Tips to use Google like a Pro

March 20, 2018 6:34 am
   

Search’s learning curve is an odd one. You use it every day, but still all you know is how to search. But the search engine has plenty of tricks up its sleeve.

Here’s an overview of some of the most useful cool google tricks, from basic tips to new features just recently released.

1.Exact Phrase: double quote

 

Search for a exact sequence of words, not only for the pages which e.g. contain each of your search words in a different sentence.
Assuming you are trying to find sites about ‘transition words’. Instead of typing [transition words] into the search box, you will likely be better off searching for the exact phrase. To do so, enclose the search phrase within double quotes.

"transition words"

Remark: for popular searches the double quotes are not really needed, but they can be a great help to find specific terms (e.g. combination of given name and family name, product identifications, fragments from song texts, rare movie titles, etc.).

2. Search for a Range

If you are looking for a product in a specific price range use ‘..’. The example below will search the web for the pages with the text ‘Blackberry Playbook’, and a price range from $150 to $350.

Blackberry Playbook $150..$350

This also works for years (like 2010..2012) and any other kind of number range.

3. Exclude Words

You can exclude pages from your result list by puuting a minus (-) directly in fromt of the keyword which you do not want to search for. This also works with more than one exclusion and with domain names.

ebooks -books.google.com -amazon.com
smart jokes -laughter  -video

This search query can be helpful to eliminate all those annoying price comparison sites:

Blackberry Playbook -shop

And it can be long, real long – just click, it is easier to see:

synonyms for easy difficult -thesaurus.com -synonym.com -yourdictionary.com -infoplease.com -merriam-webster.com -.macmillandictionary.com -answers.com

4. Site-specific

Use the ‘site:’ operator to search only within a certain website. For instance, if you are looking for book reviews, try the following: This can also be combined with the ‘OR’ operator.

site:economist.com new fiction review 2012..2012

The ‘site’ operator alone, with any additional keyword, will list all the sites in the index (importamt for Webmasters), and also displays the total number of pages (About 200.000 (June 2012) in the Simple English Wikipedia).

site:simple.wikipedia.org

The ‘site’ operator also works with TDLs (= top level domains), e.g. edu, com, org. The example below will show results with the word ‘quotes’ when the domain ending is ‘edu’.

site:edu quotes

5. Synonyms / Similar Words

Use the ‘~’ (tilde) operator to include results that contain similar words or synonyms. In the SERPs, you can see the synonyms in bold, e.g. ‘building’; the keyword “house” was excluded to get rid of the TV Series ‘House, M.D.’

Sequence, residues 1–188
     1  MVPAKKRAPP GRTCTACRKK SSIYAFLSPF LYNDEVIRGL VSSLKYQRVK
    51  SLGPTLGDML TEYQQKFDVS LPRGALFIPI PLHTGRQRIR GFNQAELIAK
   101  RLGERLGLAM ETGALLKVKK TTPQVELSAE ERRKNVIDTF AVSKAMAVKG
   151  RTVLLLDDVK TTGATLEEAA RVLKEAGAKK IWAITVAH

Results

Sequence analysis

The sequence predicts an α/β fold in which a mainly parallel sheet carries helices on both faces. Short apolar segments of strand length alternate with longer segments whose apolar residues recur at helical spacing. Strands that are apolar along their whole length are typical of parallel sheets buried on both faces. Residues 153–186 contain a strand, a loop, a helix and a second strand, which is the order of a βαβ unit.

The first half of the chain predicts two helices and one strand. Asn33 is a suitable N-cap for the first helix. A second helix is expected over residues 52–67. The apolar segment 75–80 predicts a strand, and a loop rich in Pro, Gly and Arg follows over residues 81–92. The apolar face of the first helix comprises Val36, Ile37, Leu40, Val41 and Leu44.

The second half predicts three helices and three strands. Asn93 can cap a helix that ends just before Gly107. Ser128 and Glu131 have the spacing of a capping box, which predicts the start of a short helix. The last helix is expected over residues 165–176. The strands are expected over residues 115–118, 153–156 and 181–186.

~house -house

6. OR / Parenthesis

The ‘OR’ (needs to be capitalized, otherwise the engine will simply search for the preposition ‘or’ within the text) is the same as the pipe symbol ‘|’. Instead of using the default Boolean AND Google will now look for any of the keywords.
Parenthesis ‘(‘ … ‘)’ are used for grouping. They can be used anywhere, but are mostly useful with the logical ‘OR’.

tie red OR blue
(tiny | little | small) (notebooks | laptops)

7. Wildcard

The asterisk ‘*’ sign can be used as a wildcard. Again, only useful for not so popular search strings, since Google knows the popular ones “by heart”.

"* part of the solution * precipitate"

8. Filetype

Besides normal web pages in HTML format, Google also indexes .pdf (Adobe), .doc (Word), .xls (Excel), .ppt (PowerPoint) and .jpg (Image) files. The result list (SERP) can be limited to a specific filetype, with the help of the ‘filetype’ operator.

transition words filetype:pdf

9. Word Definitions

The mark-up language HTML allows its content to structured. For example, the <dl> tag defines a definition list. These can be found by use of the ‘define’ command. However, there is no guarantee, that the author of the website uses the <dl> tag for definitions! Examples how the definition tag is used for the mark-up of definitions, can be found here.

define:plethora

10. Paginate

There are 2 URL parameters (as is ‘q’ for the search terms – you can see it by having a close look at the URL in the examples) which control the output of the search.

num
retrieves ‘number’ n of results; Default: 10; Possible values: if q present [1,100], otherwise [1, 30]
start
OFFSET: retrieves results starting from OFFSET. NUM plus OFFSET must be less than 1000, otherwise you will get zero results. Requires q
research

11. Search Suggestions

The Auto-Complete feature, works while typing (and only if JavaScript is enabled).
For popular search terms, a list with search suggestions (Related Seraches) is displayed at the bottom of the SERP page.


            

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